• Money maker
    • By Money maker 5th Jun 17, 10:27 AM
    • 4,762 Posts
    • 10,854 Thanks
    Money maker
    • #3
    • 5th Jun 17, 10:27 AM
    • #3
    • 5th Jun 17, 10:27 AM
    Is it possible to get separate tenancies for each student? We managed this for DS2 but it was only a household of 3.
    Please do not quote spam as this enables it to 'live on' once the spam post is removed.

    If you quote me, don't forget the capital 'M'

    Declutterers of the world - unite!
    • mrginge
    • By mrginge 5th Jun 17, 10:29 AM
    • 3,996 Posts
    • 7,021 Thanks
    mrginge
    • #4
    • 5th Jun 17, 10:29 AM
    • #4
    • 5th Jun 17, 10:29 AM
    You may wish to investigate the legal requirements for a valid guarantor agreement. My suspicion is that what you have described does not support them.

    Regardless of the possible invalidity of the guarantor agreement though, you say that you cannot sign something that you cannot afford, however your son has done exactly that and is now on the hook for £3250 a month.
    • mrginge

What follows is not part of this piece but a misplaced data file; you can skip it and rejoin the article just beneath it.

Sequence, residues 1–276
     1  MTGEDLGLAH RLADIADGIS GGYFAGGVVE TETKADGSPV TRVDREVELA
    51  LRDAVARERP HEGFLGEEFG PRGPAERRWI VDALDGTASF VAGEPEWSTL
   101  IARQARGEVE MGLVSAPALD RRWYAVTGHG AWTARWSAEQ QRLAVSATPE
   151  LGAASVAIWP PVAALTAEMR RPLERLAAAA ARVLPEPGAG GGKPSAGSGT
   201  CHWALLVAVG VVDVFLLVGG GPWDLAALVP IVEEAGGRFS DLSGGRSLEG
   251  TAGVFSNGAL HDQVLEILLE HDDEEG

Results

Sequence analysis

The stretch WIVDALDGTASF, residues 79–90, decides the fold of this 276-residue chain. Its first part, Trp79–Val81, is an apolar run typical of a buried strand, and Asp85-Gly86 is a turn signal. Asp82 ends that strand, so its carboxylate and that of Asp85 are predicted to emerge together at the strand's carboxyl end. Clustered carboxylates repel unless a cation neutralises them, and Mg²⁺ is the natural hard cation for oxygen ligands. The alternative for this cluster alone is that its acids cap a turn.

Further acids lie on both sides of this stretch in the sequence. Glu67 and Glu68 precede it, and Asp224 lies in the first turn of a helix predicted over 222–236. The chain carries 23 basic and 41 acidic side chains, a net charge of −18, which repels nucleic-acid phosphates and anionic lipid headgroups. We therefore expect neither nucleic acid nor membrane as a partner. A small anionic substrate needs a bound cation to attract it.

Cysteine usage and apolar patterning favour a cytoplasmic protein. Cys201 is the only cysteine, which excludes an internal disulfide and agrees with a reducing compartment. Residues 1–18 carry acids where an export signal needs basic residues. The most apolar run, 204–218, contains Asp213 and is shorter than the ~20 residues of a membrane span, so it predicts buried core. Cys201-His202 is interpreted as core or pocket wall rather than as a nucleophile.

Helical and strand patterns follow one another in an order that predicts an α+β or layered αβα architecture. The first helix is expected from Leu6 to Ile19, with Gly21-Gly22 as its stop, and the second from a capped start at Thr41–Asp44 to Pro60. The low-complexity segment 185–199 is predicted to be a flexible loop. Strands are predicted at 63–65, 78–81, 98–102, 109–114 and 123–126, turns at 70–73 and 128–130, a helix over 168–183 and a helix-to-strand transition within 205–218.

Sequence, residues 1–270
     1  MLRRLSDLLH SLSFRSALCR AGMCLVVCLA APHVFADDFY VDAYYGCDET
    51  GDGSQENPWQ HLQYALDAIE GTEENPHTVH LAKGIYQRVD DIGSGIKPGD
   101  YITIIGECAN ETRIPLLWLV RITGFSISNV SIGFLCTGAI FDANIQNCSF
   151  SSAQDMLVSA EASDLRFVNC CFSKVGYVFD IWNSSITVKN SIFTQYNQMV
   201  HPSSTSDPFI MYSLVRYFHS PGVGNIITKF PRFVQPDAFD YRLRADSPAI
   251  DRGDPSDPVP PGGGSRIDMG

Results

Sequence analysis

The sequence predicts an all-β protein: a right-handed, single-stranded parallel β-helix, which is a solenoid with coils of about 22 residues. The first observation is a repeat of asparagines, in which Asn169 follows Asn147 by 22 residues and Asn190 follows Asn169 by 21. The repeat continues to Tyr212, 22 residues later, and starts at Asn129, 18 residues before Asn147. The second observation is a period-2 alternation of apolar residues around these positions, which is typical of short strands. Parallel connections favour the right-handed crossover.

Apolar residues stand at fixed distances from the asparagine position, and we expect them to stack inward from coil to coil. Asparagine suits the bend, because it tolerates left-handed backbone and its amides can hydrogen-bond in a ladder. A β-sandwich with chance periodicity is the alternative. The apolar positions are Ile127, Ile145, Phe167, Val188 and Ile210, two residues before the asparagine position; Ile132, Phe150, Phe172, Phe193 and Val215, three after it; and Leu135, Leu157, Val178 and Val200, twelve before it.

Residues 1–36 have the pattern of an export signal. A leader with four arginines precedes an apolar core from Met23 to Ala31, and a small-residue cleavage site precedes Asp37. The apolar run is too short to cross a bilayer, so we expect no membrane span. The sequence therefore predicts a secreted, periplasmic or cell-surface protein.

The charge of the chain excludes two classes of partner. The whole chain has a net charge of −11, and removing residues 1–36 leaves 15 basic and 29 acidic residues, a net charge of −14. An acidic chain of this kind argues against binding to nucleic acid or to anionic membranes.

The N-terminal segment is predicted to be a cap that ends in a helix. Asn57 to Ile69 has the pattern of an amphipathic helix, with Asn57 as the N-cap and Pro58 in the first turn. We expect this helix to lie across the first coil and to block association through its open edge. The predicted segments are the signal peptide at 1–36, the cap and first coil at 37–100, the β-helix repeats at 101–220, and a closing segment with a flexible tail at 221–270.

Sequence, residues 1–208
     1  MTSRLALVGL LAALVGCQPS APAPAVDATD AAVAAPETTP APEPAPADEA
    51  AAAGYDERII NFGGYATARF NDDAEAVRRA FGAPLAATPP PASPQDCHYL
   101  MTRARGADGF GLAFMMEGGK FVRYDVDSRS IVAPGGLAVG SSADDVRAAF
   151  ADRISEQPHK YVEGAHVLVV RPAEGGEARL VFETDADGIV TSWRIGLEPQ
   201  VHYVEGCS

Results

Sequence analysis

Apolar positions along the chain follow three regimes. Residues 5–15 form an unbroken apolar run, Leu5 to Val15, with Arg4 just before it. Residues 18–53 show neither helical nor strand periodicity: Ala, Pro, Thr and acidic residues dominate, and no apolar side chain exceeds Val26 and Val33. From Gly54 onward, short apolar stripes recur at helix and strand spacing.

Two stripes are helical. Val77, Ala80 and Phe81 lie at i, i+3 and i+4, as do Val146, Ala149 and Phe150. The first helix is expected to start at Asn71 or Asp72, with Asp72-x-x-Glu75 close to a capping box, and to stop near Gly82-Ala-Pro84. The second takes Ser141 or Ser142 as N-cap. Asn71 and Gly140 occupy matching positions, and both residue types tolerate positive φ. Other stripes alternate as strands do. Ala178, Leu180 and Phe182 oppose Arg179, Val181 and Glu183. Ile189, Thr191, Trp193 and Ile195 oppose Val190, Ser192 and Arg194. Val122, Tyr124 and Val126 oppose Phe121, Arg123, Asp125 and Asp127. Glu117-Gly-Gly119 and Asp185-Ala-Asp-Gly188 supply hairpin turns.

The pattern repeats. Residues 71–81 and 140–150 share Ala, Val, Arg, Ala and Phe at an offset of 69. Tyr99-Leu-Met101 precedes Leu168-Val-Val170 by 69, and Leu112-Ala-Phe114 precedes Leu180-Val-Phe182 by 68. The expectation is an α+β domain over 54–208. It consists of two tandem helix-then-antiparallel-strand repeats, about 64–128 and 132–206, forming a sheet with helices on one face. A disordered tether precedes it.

• By mrginge 5th Jun 17, 10:34 AM
    • 3,996 Posts
    • 7,021 Thanks
    mrginge
    • #5
    • 5th Jun 17, 10:34 AM
    • #5
    • 5th Jun 17, 10:34 AM
    Yes that is quite normal. As his guarantor you are guaranteeing your son's liability. As a joint tenant your son will have joint and several liability for the whole rent there's no such thing legally speaking as "his share," of the rent.
    Originally posted by Pixie5740
    Yes, very difficult to avoid j&s as a student, which is fair enough tbh.
    But there's no way on gods earth I would be guaranteeing SEVEN people, some of whom were unknown.
    • david1951
    • By david1951 5th Jun 17, 10:39 AM
    • 326 Posts
    • 374 Thanks
    david1951
    • #6